If losing weight is one of your New Year’s resolutions, you may be searching for a specific diet to accomplish that goal. There are countless diets out there that claim they can deliver quick and long-lasting weight loss. Among the leading contenders is the keto diet.
However, it must be stated upfront, that very few dietary and nutrition experts recommend eating this way. In fact, most caution against any eating plan that has a name attached to it. All of these plans are based on restrictions, some of them severe, and these restrictions are almost always impossible to sustain. Worse, these plans do not teach you the safe, healthy and most important enjoyable ways to eat and still lose or control weight. And they can be harmful to your health if followed for too long.
Still, some diets like these, including keto, may work in the short run. “It’s fine for a quick fix, but there is no scientific backing for it being safe and effective long term,” says Abby Greenspun, a registered dietitian in Westport, Connecticut. She never recommends it for any of her clients, “and I don’t know any registered dietitians who would promote it for anyone who doesn’t have epilepsy.”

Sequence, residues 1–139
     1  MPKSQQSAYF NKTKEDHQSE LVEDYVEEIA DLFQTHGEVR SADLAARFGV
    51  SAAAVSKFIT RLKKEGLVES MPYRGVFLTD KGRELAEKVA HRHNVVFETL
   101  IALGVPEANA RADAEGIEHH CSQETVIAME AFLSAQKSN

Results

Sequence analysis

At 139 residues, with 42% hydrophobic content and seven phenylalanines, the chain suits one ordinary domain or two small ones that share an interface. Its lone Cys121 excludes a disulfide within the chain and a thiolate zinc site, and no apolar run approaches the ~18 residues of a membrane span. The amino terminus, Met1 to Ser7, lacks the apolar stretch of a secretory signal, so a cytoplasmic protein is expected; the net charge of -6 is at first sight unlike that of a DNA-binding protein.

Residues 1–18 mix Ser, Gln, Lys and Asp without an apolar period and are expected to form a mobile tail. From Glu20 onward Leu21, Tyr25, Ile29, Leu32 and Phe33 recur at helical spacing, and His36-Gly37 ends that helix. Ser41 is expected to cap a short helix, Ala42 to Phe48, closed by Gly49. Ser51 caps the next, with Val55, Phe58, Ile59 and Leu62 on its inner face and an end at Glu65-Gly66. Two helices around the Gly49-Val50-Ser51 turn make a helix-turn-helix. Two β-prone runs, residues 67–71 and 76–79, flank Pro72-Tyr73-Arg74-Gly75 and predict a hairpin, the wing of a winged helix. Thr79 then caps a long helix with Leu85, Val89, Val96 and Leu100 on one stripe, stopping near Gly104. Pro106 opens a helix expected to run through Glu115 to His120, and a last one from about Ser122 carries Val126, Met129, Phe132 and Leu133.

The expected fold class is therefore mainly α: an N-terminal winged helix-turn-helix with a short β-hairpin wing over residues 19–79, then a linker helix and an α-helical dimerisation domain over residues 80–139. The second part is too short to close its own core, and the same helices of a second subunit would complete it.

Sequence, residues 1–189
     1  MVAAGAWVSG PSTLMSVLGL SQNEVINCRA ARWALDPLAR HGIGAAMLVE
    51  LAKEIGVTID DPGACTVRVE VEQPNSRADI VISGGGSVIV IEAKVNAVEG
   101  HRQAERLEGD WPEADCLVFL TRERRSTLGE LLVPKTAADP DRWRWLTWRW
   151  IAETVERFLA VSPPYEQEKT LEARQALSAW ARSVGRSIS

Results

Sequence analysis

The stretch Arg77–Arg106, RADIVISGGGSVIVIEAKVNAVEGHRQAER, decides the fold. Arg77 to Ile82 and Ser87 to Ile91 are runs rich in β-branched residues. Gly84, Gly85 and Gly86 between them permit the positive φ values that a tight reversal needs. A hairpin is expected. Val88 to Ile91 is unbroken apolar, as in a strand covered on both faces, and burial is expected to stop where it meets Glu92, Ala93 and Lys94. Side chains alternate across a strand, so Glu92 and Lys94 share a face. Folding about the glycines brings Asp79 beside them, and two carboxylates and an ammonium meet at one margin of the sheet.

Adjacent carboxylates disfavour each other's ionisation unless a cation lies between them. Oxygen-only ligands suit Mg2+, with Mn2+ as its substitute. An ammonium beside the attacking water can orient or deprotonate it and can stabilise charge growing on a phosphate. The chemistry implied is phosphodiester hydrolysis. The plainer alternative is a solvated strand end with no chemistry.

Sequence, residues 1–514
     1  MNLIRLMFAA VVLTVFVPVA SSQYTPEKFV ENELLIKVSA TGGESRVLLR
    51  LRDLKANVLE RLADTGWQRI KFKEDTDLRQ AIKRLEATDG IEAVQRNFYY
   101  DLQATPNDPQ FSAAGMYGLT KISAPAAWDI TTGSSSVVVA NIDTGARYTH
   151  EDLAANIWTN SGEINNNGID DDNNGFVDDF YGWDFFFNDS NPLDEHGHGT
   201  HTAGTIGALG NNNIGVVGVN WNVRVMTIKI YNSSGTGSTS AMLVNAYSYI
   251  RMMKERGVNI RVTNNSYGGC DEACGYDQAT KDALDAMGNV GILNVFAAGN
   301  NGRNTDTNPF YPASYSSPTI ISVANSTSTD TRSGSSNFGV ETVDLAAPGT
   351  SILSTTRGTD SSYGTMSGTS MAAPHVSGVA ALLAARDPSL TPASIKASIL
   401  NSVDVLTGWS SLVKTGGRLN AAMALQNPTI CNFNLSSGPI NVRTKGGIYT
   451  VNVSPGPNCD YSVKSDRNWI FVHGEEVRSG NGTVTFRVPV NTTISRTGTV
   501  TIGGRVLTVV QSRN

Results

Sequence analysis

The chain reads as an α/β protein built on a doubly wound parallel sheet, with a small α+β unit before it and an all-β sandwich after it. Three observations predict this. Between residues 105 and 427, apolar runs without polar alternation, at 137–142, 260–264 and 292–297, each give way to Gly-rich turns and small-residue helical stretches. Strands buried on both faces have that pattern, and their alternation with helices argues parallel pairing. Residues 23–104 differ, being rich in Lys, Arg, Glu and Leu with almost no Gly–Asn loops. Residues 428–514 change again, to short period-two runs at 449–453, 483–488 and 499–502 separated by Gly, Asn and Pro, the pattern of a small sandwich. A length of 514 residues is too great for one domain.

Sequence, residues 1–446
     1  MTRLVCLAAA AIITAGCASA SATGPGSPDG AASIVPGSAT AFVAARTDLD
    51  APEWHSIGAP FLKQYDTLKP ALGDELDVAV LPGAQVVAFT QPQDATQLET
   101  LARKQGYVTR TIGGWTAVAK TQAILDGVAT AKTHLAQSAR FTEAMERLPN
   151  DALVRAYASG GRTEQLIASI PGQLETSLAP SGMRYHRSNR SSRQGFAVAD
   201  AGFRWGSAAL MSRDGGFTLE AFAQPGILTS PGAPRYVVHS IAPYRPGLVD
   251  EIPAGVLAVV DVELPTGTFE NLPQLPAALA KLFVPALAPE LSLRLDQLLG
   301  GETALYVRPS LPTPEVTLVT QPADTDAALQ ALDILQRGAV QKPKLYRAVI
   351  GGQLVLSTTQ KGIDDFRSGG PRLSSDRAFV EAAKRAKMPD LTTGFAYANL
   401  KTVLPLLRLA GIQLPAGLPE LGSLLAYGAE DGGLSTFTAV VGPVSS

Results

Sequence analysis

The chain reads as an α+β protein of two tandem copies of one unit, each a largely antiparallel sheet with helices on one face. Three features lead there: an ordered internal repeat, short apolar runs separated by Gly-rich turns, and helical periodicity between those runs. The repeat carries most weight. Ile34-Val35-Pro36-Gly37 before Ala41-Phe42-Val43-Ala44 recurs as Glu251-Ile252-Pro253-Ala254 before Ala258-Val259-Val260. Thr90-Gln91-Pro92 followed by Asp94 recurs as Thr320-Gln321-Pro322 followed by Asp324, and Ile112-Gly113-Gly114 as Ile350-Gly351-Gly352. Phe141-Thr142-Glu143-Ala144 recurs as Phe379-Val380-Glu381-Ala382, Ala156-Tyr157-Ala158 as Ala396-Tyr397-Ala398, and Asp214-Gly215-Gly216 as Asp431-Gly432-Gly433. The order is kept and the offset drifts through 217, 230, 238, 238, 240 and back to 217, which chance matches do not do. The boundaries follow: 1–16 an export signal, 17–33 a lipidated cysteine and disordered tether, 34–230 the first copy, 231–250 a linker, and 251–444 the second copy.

About the Keto Diet
This type of eating, first described a century ago, was used to treat certain severe cases of epilepsy. Keto is short for ketogenic. In a biological state known as ketosis, the body breaks down fats instead of carbohydrates to create the energy necessary for survival. To reach this state, people need to drastically reduce the amount of carbs and sugars they eat, forcing the body to turn to fat-burning for energy. Thus, the keto diet requires at least 70% of daily calories come from fat, about 25% from protein and only 5% to 10% from carbohydrates. For as yet unknown reasons, ketosis reduces the occurrence and severity of seizures, especially in children. Today, medication has mostly supplanted ketosis as a treatment.
But over the past few years, it has been promoted as a weight-loss tool. Anecdotal evidence suggests that it can result in quick and significant weight loss. And it may have other short-term benefits. A 2012 meta-analysis in the journal Obesity Reviews concluded that a low-carb diet had “favorable effects” on major cardiovascular risk factors like body weight, blood pressure, cholesterol levels and blood sugar levels. However, “the effects on long-term health are unknown,” it says.
The main reason: It is extremely difficult to eliminate virtually practically all bread, cereal, pasta, sweets and other high-carb foods from your diet for more than a short period. It also carries long-term risks, including hair loss, and it may be dangerous to women who are breastfeeding.
How to Start
Now that you know the drawbacks and dangers, there are ways to start the keto diet safely and try it for a short time. Here are 10 tips to get you started: